This article was published a few days ago by Liverpool Friends of Palestine here. It’s very good.
Liverpool Friends of Palestine is affiliated to the Palestine Solidarity Campaign and is part of the international Palestine Solidarity movement. We are not affiliated to the Labour Party, though a number of our members are also Labour members.
We campaign for self-determination for all the Palestinian people and call for the removal of all barriers, both physical and ideological, to achieve this aim. These include the colonial subjugation of Palestinian people and land, currently visible in the siege and occupation of Gaza, the occupation of the West Bank, the annexation of East Jerusalem and the Golan Heights (illegal under international law), and all discriminatory laws and practices within Israel. We support the demands of the Palestinian Boycott Divestment and Sanctions (BDS) movement – End the Occupation, Full Equality for Arab-Palestinian citizens of Israel, and the Right of Return for Palestinian Refugees – and campaign to implement BDS. These non-violent punitive measures should be maintained until Israel meets its obligation to recognize the Palestinian people’s inalienable right to self-determination and fully complies with the precepts of international law.
We oppose all types of racism, including Islamophobia, anti-Jewish prejudice and anti-Palestinian racism. We are anti-Zionist. We welcome a commitment from anyone who wants to oppose anti-Semitism, as we do.
It is in this context that we view the recent Labour Party statement “No Place for Antisemitism” (NPfA) which forms part of an education programme within the party.
We welcome a discussion of anti-Semitism including its historical roots. But we disagree with several aspects of the perspective on Israel and Zionism as expressed in NPfA, which adversely affect our campaign work. We hope our comments will aid discussion in the solidarity movement, outside and inside the Labour Party.
NPfA states “… blaming Israel’s faults on its Jewish identity, or holding all Jews in the UK and elsewhere responsible for what Israel does is antisemitic.”
We agree with part of this – it is anti-Semitic to hold all Jews in the UK and elsewhere responsible for what Israel does. Many Jewish people abhor what Israel does, a growing number recognise the current reality as a form of apartheid, and some Jews are opposed in principle to the concept of a “Jewish State”. Of course other people who are not Jewish may also hold these views.
But we don’t agree that “blaming Israel’s faults on its Jewish identity” is necessarily anti-Semitic. Israel’s “Jewish identity” is not the identity of any individual Jews, wherever they live. Israel’s “Jewish identity” is the formal basis of a State which systematically discriminates in favour of Jews and against non-Jews. The discrimination includes these measures:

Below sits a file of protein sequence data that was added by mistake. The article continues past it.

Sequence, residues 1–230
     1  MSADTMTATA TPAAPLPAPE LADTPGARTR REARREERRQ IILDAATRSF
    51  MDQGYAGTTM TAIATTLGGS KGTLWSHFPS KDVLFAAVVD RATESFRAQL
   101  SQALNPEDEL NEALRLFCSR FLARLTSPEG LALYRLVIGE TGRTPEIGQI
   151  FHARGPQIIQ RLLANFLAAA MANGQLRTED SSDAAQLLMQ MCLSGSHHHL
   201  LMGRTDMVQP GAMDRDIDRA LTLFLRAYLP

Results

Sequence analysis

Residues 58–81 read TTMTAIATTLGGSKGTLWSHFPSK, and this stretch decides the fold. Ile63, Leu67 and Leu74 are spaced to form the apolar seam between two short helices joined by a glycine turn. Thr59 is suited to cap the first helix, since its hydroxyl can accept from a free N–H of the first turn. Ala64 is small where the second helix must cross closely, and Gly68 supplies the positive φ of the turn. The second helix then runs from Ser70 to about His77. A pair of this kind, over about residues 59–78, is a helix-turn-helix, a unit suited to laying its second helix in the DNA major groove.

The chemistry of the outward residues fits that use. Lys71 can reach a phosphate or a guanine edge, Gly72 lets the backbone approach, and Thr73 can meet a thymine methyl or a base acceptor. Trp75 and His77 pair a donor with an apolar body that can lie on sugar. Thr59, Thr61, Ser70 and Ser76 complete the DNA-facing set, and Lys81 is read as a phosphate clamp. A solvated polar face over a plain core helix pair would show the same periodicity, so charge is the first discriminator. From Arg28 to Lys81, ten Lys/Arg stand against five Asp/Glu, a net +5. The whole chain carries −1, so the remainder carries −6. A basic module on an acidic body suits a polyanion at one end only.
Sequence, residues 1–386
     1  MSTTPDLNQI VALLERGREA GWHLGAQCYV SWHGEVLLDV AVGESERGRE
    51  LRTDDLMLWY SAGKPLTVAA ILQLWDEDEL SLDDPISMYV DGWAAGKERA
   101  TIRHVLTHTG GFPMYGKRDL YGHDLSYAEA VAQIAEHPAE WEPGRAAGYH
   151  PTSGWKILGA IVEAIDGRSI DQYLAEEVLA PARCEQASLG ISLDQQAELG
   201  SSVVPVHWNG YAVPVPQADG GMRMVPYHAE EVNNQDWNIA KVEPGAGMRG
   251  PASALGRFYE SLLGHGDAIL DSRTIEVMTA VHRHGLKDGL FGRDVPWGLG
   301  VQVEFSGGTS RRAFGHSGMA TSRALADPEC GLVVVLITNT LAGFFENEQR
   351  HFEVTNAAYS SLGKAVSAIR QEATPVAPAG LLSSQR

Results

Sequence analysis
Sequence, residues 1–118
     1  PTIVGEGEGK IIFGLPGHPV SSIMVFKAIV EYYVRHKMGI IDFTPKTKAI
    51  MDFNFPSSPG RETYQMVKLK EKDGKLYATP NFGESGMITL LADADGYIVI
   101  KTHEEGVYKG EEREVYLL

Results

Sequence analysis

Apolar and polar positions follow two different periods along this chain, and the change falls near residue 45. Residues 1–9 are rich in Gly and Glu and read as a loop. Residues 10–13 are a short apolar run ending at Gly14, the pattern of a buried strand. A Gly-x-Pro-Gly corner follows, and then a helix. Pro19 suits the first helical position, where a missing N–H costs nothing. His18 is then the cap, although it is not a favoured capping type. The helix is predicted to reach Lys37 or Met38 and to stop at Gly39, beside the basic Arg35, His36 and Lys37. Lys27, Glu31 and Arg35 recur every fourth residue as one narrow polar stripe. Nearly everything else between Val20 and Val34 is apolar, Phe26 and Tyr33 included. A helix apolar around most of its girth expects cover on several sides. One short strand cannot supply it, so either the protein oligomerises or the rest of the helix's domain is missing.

The “Law of Return” (5 July 1950) which gives Jews the right to come and live in Israel and to gain Israeli citizenship, a right denied to Palestinians ethnically cleansed in 1948 and their descendants;
The “Nationality Law” (1 April 1952) which stripped most Palestinians of the citizenship they held during the British Mandate period up to the creation of Israel;
The “Basic Law: Israel as the Nation-State of the Jewish People” adopted by the Knesset (Israeli Parliament) on 19 July 2018, which is widely recognised as entrenching apartheid. Its provisions include “The right to exercise national self-determination in the State of Israel is unique to the Jewish people”. Israeli Prime Minister Benjamin Netanyahu described the passage of the law as “a pivotal moment in the annals of Zionism and the State of Israel. We enshrined in law the basic principle of our existence.”
Once Israel defined itself as a Jewish State, the project was and remains racist. The non-racist alternative is to define itself as the state of all its citizens, which Israel refuses to do.
NPfA says “In response to 19th Century European antisemitism, some Jews became advocates for Zionism, Jewish national self-determination in a Jewish state. Since the State of Israel was founded in 1948, following the horrors of the Holocaust, Zionism means maintaining that state. Jewish people have the same right to self-determination as any other people.”
If this is an attempt to summarise the relevant history, it is both dangerously selective and misleading. Some Jews became advocates for Zionism in response to 19th Century European anti-Semitism, particularly the pogroms in Tsarist Russia. Zionism was a settler-colonial movement dedicated to exclusive Jewish control of land and labour and the formation of a demographically Jewish state. Our view of that history was set out in a leaflet circulated at the 2018 Labour Party Conference: